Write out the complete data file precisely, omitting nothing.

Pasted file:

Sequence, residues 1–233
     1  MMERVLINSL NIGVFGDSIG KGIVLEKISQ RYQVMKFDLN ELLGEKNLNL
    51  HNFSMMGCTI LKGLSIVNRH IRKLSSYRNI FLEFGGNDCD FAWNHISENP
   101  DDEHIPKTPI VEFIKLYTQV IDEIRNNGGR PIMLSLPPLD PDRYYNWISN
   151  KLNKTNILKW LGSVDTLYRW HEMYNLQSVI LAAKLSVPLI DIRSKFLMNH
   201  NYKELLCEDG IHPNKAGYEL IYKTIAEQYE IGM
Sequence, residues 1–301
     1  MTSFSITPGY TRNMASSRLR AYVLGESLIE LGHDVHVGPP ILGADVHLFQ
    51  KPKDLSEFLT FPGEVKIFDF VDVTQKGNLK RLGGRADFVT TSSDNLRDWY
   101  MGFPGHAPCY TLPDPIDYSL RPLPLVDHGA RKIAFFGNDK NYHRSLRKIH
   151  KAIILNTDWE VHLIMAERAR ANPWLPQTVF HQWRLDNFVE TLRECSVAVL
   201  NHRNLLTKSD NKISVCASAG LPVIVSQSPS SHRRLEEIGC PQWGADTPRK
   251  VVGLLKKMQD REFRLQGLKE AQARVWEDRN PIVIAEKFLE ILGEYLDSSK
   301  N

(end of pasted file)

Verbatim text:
Sequence, residues 1–233
     1  MMERVLINSL NIGVFGDSIG KGIVLEKISQ RYQVMKFDLN ELLGEKNLNL
    51  HNFSMMGCTI LKGLSIVNRH IRKLSSYRNI FLEFGGNDCD FAWNHISENP
   101  DDEHIPKTPI VEFIKLYTQV IDEIRNNGGR PIMLSLPPLD PDRYYNWISN
   151  KLNKTNILKW LGSVDTLYRW HEMYNLQSVI LAAKLSVPLI DIRSKFLMNH
   201  NYKELLCEDG IHPNKAGYEL IYKTIAEQYE IGM
Sequence, residues 1–301
     1  MTSFSITPGY TRNMASSRLR AYVLGESLIE LGHDVHVGPP ILGADVHLFQ
    51  KPKDLSEFLT FPGEVKIFDF VDVTQKGNLK RLGGRADFVT TSSDNLRDWY
   101  MGFPGHAPCY TLPDPIDYSL RPLPLVDHGA RKIAFFGNDK NYHRSLRKIH
   151  KAIILNTDWE VHLIMAERAR ANPWLPQTVF HQWRLDNFVE TLRECSVAVL
   201  NHRNLLTKSD NKISVCASAG LPVIVSQSPS SHRRLEEIGC PQWGADTPRK
   251  VVGLLKKMQD REFRLQGLKE AQARVWEDRN PIVIAEKFLE ILGEYLDSSK
   301  N